Posted by: soniahs | November 2, 2010

Exam reading: “Minds on fire”

I had a strong reaction to this paper, probably because I’ve been thinking about these issues from a different perspective than the authors. This paper ties into some of my core T&T readings, like “Laws of Cool” and “Datacloud,” that address the knowledge economy and the future of work. However, here the focus is on learning.

John Seely Brown, and Richard P. Adler. “Minds on Fire: Open Education, the Long Tail, and Learning 2.0.” Educause Review Jan/Feb 2008.

Summary: Main idea is that an educated workforce with opportunities for lifelong learning is necessary to maintain competitive centers in a globalized world. The need for education for multiple careers and constant re-skilling (my term; they use more positive vocabulary) can be facilitated by Web-based free education & Web 2.0 networking technologies. The Web facilitates social, collaborative learning: work in small groups, “learning to be” a participant plus traditional “learning about” a subject, problem-based collaboration. Idea of legitimate peripheral participation: learners gain both explicit (factual) and implicit (social) knowledge at once. The authors look at online tools for learning: Second Life, “e-science,” informal discussions in social networking sites (I would argue that several of their suggestions aren’t good examples.) Discuss similarities between “long tail” niche marketing being supported by more popular commerce- the Web facilitates this setup- and how online education can be similar (once niche courses are developed, they’re out there forever.) Overall idea is to provide an environment that both facilitates and promotes lifelong learning; they call this “demand-pull” rather than “supply-push” approach.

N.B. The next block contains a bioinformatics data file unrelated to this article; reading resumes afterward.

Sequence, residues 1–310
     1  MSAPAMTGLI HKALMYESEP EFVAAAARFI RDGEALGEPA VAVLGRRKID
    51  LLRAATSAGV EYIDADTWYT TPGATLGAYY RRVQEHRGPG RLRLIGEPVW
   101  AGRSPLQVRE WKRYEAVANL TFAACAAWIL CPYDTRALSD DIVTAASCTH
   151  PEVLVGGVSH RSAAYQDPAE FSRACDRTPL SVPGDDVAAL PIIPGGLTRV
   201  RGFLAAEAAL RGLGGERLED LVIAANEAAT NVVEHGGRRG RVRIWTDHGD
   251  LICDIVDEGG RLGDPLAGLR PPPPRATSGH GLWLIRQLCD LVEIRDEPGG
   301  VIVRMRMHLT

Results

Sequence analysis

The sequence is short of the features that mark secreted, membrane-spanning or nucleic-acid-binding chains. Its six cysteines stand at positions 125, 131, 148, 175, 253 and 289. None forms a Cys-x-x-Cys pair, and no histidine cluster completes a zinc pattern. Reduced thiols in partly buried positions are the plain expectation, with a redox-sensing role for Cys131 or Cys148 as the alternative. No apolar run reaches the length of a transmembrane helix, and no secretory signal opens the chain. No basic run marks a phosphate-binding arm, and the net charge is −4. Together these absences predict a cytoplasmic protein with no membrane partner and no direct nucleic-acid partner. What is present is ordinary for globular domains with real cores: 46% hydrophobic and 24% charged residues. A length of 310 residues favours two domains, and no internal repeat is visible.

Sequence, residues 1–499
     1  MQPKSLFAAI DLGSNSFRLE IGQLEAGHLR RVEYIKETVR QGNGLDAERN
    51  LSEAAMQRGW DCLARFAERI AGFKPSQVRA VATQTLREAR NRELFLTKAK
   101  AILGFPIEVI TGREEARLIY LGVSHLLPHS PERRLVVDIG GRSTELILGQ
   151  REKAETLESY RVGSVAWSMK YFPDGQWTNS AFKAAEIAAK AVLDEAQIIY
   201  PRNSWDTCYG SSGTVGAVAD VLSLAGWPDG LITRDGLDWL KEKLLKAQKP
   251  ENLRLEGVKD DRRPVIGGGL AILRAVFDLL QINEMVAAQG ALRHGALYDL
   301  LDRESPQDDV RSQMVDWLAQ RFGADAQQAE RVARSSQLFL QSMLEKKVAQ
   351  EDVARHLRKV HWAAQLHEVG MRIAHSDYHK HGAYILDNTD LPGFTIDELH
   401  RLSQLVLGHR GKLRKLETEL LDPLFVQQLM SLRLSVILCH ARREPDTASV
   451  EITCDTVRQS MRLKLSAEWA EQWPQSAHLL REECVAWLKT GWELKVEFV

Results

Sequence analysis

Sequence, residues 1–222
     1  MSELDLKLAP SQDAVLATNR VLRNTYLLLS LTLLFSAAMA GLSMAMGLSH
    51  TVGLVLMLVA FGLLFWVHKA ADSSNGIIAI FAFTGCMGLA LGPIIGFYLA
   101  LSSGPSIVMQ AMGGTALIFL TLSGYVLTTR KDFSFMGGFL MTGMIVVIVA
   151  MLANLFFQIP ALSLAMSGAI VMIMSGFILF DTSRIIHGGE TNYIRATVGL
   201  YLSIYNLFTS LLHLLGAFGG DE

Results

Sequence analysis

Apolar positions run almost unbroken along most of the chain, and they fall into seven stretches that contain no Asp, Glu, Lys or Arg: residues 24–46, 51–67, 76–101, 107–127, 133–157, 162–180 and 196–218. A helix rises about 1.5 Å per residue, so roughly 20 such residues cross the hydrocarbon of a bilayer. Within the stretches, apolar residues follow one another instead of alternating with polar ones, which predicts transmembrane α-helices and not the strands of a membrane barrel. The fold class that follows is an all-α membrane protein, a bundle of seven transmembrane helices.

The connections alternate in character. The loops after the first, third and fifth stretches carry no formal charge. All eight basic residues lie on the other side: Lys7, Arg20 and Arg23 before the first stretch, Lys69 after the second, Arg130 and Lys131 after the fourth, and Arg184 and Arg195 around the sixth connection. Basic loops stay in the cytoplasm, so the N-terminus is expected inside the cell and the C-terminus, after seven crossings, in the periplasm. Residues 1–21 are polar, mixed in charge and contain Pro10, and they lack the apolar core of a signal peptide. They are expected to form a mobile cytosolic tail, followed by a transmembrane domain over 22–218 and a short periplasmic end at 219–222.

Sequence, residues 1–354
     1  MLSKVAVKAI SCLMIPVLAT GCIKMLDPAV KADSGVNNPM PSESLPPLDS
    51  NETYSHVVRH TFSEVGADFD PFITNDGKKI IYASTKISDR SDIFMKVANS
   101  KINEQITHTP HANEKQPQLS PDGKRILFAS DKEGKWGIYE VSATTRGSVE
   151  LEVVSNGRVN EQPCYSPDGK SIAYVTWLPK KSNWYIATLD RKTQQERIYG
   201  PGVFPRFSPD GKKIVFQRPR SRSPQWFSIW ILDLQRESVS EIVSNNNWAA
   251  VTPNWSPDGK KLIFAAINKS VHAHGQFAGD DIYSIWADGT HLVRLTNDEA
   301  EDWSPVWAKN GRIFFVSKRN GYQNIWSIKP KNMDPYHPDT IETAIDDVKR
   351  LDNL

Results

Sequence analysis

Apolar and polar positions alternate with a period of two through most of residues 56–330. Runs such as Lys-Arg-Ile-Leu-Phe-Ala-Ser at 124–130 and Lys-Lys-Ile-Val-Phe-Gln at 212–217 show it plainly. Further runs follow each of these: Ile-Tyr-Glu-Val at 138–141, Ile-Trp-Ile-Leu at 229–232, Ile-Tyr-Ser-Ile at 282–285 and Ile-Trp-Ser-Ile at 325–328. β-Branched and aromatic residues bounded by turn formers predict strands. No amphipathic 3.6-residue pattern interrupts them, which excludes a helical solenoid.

Comments: Authors do not discuss what to do about the digital divide, the social dislocation associated with constant retraining, how hypothetical developers of free online courses would actually be employed themselves, how to evaluate accurate vs. inaccurate content, erosion of expertise and traditional methods of validating knowledge, etc. Basically, this reads like a Web 2.0 cheerleading piece for non-centralized/distributed education systems, and does not address a wide range of major economic and social justice issues (granted, this is probably not their intent.) The fact that the authors lump in non-online examples into their “online tools for learning” section suggests that they are stretching for examples.

Links to: Howe (discusses crowdsourcing-ultimate result of this educational style? or at least linked); Lave & Wenger (LPP)



  1. […] to: Brown & Adler (general online learning); Howe […]


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